TALLAHASSEE (AP) - Jimbo Fisher has an edge as he kicks off a new era at Florida State: The Seminoles' new head coach helped recruit most of his players the last four years.
It won't take him long to find out how good a job he's done.
After a warmup against lower-division Samford (Ala.), the Seminoles travel to Oklahoma and then host Brigham Young before beginning their 2010 Atlantic Coast Conference schedule.
Fisher is replacing the iconic Bobby Bowden, who departed after chalking up 377 career wins. That's second most in major college history behind Penn State's Joe Paterno.
Rather than give Bowden a chance to get back on top one last time, former Florida State president T.K. Wetherell replaced him in January to give Fisher a shot at a fast start with a team both coaches believe could hit the jackpot in 2010.
"We're recruiting good players and getting guys to do the right thing," Fisher said. "The thing we've got to understand is how to win, how little things add up to big things and you don't put yourself behind the eight ball all the time."
That's exactly where Florida State was for much of last season. Only a come-from-behind Gator Bowl victory over West Virginia in Bowden's finale avoided his second losing season in 34 years at Florida State.
The Seminoles, instead, finished 7-6 for the third time in four seasons. They also went 0-for-Florida, losing to traditional intrastate rivals Miami and Florida and newcomer South Florida.
Bowden and Fisher, who spent three years as offensive coordinator and coach-in-waiting, partnered to build for the 2010 season. Florida State's offense and kicking games are geared to be prolific. The defense, if improved over last year's dismal showing, is the key to a run at the ACC title and a BCS bowl game.
"I think we can rectify a lot of those things," Fisher said.
The offensive line, perhaps Florida State's best ever, returns intact, led by guard Rodney Hudson and center Ryan McMahon, both seniors. Juniors Andrew Datko and David Spurlock also return as starters.
Christian Ponder, who was playing as good as any quarterback in the country when he went down with a shoulder injury last November, is back for his senior year. Florida State is promoting him as a Heisman Trophy candidate.
Fisher also will try to find playing time for redshirt sophomore EJ Manuel. He accounted for four touchdowns and 1,013 yards offense while leading the Seminoles to a 3-1 record as Ponder's replacement.
While the 6-2, 220-pound Ponder's career numbers are modest, NFL scouts are projecting him as a likely first-round pick.
Fisher said Ponder's character and academic achievements - besides an undergraduate degree he's already earned a master's in business administration - make a statement.
"He does not want to be average in anything he does, and he's willing to put the sweat in to get the glory," Fisher said. "He really doesn't look at it as glory. I think he just looks at it as who he is. That's his DNA."
Ponder, though, has lost one of his favorite targets. Fisher on Sunday announced he had dismissed junior Jarmon Fortson from the team for an undisclosed policy violation but he's confident the receiving corps is deep enough to withstand the loss.
Junior Bert Reed, returns after catching 60 passes for 710 yards last season. Rodney Smith, a 6-6, 220-pound sophomore, likely will slip into Fortson's starting position, Fisher said. Fortson's departure also will mean more opportunities for junior Taiwan Easterling, sophomore Willie Haulstead and freshmen Kenny Shaw and Christian Green.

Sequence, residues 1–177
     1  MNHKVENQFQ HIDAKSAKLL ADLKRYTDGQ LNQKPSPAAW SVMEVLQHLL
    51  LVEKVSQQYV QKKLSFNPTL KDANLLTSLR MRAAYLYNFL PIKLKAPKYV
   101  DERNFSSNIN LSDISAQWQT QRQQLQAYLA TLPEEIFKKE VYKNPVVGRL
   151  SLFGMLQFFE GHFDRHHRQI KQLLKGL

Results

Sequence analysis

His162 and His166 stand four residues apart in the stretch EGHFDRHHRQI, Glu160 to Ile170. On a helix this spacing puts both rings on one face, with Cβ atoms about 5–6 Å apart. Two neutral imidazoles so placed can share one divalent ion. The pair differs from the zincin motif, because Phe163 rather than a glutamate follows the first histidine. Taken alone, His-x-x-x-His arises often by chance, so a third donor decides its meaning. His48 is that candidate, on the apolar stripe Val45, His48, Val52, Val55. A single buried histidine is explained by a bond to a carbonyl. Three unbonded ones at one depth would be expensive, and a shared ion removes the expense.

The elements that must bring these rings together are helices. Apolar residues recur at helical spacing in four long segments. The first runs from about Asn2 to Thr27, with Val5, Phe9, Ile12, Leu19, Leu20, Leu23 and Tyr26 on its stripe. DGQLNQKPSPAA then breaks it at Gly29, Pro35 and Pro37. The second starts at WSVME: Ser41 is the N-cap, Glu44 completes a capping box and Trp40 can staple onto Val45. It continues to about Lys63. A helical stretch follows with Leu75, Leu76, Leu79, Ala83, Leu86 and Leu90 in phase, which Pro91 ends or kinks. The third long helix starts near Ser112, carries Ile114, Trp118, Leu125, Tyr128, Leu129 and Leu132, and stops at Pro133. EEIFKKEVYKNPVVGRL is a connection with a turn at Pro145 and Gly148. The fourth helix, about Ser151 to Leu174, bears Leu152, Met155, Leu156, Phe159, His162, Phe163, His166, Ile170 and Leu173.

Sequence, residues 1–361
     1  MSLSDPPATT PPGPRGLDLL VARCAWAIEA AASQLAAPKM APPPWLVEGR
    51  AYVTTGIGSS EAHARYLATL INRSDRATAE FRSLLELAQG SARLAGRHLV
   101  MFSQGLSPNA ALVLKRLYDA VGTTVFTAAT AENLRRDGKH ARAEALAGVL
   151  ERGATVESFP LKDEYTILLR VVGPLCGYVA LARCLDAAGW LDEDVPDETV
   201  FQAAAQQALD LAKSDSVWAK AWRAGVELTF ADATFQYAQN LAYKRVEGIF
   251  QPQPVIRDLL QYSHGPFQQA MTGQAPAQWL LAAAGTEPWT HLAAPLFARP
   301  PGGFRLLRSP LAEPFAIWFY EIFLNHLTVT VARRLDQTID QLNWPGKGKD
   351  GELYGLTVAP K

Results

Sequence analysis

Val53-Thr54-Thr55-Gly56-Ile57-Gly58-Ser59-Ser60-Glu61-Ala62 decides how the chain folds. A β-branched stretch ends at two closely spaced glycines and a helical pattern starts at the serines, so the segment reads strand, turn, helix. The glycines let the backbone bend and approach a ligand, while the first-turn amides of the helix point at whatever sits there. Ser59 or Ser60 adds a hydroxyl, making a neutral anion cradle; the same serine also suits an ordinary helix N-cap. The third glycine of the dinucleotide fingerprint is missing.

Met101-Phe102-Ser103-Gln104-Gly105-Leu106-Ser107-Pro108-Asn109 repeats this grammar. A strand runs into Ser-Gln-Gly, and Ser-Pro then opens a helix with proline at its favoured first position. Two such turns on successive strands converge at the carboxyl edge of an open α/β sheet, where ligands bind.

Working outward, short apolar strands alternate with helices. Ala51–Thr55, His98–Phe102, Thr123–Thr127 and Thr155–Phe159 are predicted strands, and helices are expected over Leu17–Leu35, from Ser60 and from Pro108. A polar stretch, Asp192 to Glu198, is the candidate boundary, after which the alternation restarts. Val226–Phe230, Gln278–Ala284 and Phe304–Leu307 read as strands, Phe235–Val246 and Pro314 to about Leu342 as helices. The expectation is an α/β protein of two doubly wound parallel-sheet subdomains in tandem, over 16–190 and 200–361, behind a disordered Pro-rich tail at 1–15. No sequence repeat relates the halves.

Florida State looks just as solid at running back. After a spirited competition, 5-8, 186-pound Chris Thompson, a sophomore, has gone to the top of the depth chart at tailback. He beat out 5-11, 190-pound junior Jermain Thomas who started last year, gaining 832 yards at the rate of 5.1 yards per carry. Thompson was just as prolific in a backup role at 5.2 yards per carry but got the ball only 23 times.
Besides the speedy Thompson and Thomas, the Seminoles have bulk when they need it in 6-0, 209 pound sophomore Lonnie Pryor and 6-0, 235 pound junior college transfer Debrale Smiley.
Albeit personable and upbeat, the 44-year-old Fisher's coaching style differs from the effervescent Bowden's. His approach is process driven and more resembles another of his old bosses, Alabama's Nick Saban. Fisher, who was Saban's offensive coordinator at Louisiana State, calls it "the modernization of the way things are being done."
While Bowden built Florida State with unusual candor and openness, Fisher seeks perfection in secretive and selective ways and has a more hands-on approach.
A pair of sophomores, cornerback Greg Reid and place-kicker Dustin Hopkins, anchor the special teams. Reid led the nation in punt returns a year ago.
Hopkins' booming kickoffs and long-range field goals invoked memories of Scott Bentley and Sebastian Janikowski, whose accurate and powerful legs helped propel the Seminoles to national titles in 1993 and 1999.
Although only 5-8 and 170 pounds, Reid is being looked to as a playmaker in a defense woefully short of them in recent seasons.
Florida State (7-6, 4-4 ACC) opens its league season Sept. 26 with a visit from Wake Forest. The Seminoles sandwich road trips to Virgina, Miami and North Carolina State around a mid-October visit from Boston College before a brutal November. It features home games against North Carolina, Clemson and a trip to Maryland before hosting the traditional non-conference rivalry game with Florida.
"Your ultimate goal and the first objective, if you want to get back to the BCS, you've got to win your conference," Fisher said.
Not an easy task under any circumstances, but Fisher's trying it in the glare of Bowden's legacy even though a decade has passed since his last national title.
"The 90's are over," Fisher said. "Worry about doing things right and the direction you're going. If that happens, winning will come."